Small Things Like These, Claire Keegan, Ireland, 2021

Small Things Like These, Claire Keegan, Ireland, 2021

Bill Furlong sells logs, turf, coal and anthracite. He lives somewhere near Waterford, is married and has five daughters. His mother was a single mother, taken in by a kindly Protestant woman without whom both she and the baby would doubtlessly have ended up in a workhouse, or worse. Now in his forties he is given a chance to repay the debt.

It is coming up to Christmas. With the everyday religious activities and beliefs of the small village forming a background, Keegan puts Bill front and centre as he copes with all the small things that make up his life: his family, his work, his memories. Then, when delivering coal to the convent, he is faced with a moral dilemma that he knows he has to solve, one way or the other. Should he put his relatively secure life and the relatively positive prospects of his daughters at risk, or should he do what he intuitively knows he should do?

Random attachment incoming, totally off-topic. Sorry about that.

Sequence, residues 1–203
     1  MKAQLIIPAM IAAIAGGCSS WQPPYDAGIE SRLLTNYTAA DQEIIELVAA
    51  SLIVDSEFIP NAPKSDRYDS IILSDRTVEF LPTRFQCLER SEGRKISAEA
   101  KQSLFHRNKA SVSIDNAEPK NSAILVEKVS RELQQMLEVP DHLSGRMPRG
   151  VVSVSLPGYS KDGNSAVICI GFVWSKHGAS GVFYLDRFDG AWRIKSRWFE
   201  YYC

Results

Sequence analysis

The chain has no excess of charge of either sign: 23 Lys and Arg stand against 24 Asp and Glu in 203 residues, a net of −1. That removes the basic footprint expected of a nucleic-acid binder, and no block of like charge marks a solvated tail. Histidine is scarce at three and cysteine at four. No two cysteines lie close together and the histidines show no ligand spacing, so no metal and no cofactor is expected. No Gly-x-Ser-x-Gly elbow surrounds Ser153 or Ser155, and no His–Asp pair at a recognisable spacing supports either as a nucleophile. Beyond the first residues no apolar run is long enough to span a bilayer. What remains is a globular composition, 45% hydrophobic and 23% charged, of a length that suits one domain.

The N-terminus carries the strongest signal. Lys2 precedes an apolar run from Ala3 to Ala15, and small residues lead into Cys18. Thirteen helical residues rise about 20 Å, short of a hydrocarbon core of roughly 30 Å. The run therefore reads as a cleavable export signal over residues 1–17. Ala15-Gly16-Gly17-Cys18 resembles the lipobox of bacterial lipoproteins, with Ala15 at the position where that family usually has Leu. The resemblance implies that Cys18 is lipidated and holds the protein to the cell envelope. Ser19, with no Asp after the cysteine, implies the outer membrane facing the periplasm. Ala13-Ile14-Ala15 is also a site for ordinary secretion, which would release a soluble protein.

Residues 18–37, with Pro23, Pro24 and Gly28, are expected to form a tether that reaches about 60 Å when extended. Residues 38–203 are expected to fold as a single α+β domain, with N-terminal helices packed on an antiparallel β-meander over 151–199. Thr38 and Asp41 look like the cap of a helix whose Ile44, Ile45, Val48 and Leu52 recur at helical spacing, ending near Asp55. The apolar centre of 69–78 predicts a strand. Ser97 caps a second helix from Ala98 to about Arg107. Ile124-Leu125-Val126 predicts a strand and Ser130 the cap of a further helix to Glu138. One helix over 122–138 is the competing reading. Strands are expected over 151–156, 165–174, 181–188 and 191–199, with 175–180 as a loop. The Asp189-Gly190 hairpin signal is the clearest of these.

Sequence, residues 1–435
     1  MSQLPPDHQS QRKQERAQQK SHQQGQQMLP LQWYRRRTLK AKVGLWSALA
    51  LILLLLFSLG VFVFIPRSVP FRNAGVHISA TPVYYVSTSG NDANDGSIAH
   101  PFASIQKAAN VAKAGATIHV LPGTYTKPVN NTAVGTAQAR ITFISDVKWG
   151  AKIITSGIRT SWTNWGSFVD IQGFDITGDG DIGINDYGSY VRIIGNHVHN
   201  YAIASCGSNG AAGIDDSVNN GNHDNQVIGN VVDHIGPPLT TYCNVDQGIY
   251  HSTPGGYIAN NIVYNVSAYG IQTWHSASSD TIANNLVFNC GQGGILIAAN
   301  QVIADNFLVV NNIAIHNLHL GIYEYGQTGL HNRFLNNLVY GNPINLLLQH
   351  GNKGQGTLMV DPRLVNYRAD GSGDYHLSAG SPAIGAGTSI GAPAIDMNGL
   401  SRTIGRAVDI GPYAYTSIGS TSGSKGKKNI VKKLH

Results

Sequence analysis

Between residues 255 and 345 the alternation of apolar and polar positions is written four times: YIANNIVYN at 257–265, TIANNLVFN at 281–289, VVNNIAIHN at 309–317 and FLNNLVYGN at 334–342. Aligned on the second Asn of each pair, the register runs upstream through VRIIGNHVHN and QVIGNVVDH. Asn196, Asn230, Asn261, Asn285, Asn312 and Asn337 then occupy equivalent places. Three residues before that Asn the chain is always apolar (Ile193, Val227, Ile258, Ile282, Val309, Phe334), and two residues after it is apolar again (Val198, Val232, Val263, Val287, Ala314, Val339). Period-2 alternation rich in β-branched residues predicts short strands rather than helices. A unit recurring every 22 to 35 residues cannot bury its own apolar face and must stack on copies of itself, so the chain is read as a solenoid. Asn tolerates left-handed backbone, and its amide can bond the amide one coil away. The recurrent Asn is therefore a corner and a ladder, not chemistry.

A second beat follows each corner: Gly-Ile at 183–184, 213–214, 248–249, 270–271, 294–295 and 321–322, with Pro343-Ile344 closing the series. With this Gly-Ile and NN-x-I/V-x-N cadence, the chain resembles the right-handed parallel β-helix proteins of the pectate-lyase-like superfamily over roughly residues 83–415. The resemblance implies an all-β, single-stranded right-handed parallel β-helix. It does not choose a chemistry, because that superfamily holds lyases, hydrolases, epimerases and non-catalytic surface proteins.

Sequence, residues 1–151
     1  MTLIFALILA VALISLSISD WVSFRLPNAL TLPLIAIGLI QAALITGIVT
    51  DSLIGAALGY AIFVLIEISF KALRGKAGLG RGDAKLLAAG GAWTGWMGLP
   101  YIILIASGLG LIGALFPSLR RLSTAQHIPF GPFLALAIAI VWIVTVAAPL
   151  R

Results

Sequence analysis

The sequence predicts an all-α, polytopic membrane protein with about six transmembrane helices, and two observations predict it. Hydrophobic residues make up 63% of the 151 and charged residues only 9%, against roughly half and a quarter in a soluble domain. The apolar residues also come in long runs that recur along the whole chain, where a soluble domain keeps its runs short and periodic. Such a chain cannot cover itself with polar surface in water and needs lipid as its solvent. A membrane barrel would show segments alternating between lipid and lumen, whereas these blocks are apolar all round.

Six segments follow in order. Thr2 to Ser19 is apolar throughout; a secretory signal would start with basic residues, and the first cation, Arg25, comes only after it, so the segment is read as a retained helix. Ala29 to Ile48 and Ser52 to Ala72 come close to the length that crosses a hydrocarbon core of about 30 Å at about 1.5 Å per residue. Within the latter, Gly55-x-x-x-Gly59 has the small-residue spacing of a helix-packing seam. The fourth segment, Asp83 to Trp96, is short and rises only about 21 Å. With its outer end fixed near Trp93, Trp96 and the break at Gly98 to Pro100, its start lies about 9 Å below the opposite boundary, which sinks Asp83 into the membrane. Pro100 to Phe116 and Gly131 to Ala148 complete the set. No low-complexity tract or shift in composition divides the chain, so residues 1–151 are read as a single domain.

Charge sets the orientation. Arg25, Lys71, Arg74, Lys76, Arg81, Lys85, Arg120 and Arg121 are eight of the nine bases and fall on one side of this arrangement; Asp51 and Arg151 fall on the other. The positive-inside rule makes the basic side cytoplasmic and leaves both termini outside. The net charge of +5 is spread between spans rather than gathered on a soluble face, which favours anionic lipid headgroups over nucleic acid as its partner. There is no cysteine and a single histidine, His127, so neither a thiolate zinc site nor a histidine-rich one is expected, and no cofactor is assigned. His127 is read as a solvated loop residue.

Claire Keegan – The Guardian

Mixing together small everyday things with religious practice, the atrocities of the Magdalen laundries and the control (nearly always subtle) of the Church, Keegan has produced a beautiful, yet sad, picture of a good man who wants to believe that everyone is basically honourable.

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